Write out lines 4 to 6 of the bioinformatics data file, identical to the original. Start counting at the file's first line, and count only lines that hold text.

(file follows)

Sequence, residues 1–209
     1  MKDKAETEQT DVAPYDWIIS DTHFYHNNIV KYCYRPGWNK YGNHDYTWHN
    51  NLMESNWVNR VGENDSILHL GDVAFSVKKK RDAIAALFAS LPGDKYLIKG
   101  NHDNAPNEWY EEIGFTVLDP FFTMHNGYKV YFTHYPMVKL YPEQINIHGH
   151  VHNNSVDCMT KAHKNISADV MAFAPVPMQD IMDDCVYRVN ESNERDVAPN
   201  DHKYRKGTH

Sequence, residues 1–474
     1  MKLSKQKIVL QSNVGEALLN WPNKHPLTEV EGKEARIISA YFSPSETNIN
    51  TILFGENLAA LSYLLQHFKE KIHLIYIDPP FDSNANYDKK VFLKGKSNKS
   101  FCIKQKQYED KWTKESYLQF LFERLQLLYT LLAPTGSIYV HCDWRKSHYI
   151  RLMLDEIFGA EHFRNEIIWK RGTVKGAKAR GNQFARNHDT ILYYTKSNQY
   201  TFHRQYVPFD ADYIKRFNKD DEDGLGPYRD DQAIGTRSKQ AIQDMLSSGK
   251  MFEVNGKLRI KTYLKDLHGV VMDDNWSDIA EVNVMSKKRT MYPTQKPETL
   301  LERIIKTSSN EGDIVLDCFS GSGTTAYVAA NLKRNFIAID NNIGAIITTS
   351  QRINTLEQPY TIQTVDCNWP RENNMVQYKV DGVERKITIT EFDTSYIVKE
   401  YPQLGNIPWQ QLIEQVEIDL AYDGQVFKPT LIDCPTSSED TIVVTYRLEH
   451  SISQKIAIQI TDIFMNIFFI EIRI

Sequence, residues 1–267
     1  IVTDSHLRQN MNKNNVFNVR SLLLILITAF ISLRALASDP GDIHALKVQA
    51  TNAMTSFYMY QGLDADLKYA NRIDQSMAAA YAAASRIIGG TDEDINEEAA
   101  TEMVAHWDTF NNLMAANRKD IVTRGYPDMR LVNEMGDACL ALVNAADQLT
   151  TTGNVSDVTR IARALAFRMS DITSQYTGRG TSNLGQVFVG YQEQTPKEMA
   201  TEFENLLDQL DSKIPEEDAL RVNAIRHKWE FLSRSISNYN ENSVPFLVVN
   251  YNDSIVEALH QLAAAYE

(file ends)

   101  NHDNAPNEWY EEIGFTVLDP FFTMHNGYKV YFTHYPMVKL YPEQINIHGH
   151  VHNNSVDCMT KAHKNISADV MAFAPVPMQD IMDDCVYRVN ESNERDVAPN
   201  DHKYRKGTH